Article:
What You Might Not Have Noticed About The Price Of Wings Before The Super Bowl

With the Super Bowl just around the corner, we're guessing you are about to (or might have already) put in an order for chicken wings – either cooked from your favorite restaurant or uncooked if you're thinking about making them yourself. If you haven't really delved into the chicken wing situation yet, we've got good news and bad news. The good news is supermarkets say they are ready for the surge in demand, so there isn't — nor will there be — a wing shortage as the big day draws near. And the bad news? As Top Super of the National Chicken Council tells Restaurant Business Online: "Like almost anything else you buy right now, wings might be a little more expensive, but they'll be stocked."

By "a little", ABC news says you should expect to pay up to $3 more than you did last year — which is about how much an eight-piece order of chicken wings went up by if you ordered from your favorite restaurant. By contrast, if you're looking to cook the wings yourself, you'd probably expect to pay upwards of a dollar more per pound (via ABC). 

High chicken wing prices are being supported by a number of factors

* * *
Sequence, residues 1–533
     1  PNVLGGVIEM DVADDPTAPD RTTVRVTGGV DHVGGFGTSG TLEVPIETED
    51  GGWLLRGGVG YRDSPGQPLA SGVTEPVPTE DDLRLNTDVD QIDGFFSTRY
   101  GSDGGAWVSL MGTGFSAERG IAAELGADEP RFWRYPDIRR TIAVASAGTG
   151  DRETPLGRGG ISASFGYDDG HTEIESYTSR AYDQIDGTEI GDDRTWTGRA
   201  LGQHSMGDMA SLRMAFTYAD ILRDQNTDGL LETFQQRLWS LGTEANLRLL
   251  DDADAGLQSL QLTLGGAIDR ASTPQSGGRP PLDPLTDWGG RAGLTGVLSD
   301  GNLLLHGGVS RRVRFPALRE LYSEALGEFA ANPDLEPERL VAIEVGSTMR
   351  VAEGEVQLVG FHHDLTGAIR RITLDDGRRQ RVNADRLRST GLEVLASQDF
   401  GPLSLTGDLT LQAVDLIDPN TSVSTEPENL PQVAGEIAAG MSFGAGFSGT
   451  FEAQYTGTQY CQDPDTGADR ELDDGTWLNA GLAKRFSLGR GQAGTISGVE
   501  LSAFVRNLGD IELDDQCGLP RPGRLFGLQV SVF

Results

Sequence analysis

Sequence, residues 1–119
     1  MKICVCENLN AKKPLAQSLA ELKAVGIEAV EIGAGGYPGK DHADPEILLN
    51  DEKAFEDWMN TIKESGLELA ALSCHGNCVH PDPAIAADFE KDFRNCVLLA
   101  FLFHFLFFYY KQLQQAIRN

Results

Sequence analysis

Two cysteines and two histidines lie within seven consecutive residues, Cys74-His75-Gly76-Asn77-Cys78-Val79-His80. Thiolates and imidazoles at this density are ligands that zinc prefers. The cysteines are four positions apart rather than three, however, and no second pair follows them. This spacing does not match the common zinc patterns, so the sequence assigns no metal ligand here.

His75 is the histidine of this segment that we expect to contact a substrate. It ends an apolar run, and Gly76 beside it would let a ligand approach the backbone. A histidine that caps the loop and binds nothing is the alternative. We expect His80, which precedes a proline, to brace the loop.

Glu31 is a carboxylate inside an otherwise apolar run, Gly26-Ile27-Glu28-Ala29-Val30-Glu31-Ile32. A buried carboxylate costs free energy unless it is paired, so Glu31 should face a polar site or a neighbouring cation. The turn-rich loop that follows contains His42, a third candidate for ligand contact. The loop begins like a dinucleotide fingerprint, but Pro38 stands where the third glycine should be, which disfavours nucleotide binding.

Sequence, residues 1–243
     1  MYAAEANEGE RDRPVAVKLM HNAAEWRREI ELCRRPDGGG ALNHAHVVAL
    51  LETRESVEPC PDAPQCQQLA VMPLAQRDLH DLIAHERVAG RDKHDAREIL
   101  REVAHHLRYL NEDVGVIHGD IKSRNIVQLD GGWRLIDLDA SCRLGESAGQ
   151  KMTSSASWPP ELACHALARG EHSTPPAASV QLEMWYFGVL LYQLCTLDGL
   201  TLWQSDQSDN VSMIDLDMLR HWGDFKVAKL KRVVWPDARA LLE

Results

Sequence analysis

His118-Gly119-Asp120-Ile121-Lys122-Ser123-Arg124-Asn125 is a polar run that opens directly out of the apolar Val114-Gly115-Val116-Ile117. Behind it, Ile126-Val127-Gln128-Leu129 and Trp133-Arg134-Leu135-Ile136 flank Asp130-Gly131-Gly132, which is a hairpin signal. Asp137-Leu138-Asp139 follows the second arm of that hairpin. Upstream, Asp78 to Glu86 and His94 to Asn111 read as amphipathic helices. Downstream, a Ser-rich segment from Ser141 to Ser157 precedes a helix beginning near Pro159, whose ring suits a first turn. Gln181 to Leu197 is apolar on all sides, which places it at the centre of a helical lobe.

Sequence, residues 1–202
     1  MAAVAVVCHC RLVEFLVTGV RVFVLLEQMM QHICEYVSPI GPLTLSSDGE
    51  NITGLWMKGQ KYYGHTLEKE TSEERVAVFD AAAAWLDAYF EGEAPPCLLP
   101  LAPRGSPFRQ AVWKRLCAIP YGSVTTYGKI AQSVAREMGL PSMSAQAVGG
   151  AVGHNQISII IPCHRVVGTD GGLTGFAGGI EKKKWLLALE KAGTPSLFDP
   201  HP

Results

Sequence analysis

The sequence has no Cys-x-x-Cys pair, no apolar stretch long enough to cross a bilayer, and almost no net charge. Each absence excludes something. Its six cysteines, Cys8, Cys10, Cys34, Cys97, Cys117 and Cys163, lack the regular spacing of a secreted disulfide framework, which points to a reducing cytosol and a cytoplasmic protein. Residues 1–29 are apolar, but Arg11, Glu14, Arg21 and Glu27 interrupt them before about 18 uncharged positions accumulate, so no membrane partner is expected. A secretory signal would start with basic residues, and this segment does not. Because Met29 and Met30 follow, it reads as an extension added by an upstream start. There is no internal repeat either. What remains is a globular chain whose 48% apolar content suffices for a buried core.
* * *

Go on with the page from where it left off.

The National Chicken Council says chicken wings are being hit by the same problems that other commodities have experienced during the coronavirus pandemic-driven supply chain breakdown: labor shortages and high demand. Tom Super says: "Demand for chicken wings has been through the roof since the beginning of the pandemic. A shift from sit-down restaurants to takeout and quick service has boosted chicken wing consumption." (via Restaurant Business Online). 

Then there is the high price of feed ingredients, thanks to droughts that have hit corn-growing areas in 2021. As writer Dan Emery pointed out in The National Provisioner, "feed ingredients are more than 50% of our cost"– so if feed prices go up because of bad weather, livestock and poultry prices go up, too.

Chicken wing specialists like Wingstop and Atomic Wings have tried to get around this by getting their customers interested in chicken thighs, which are flavorful and less costly. But if wings are your thing, you'll either have to bite the bullet and pay higher prices, or get guests to bring them in as part of a potluck. Cost notwithstanding, chicken industry executives are expecting America to devour about 1.42 billion wings come game day (via ABC) — and we're betting you and your guests aren't going to miss out.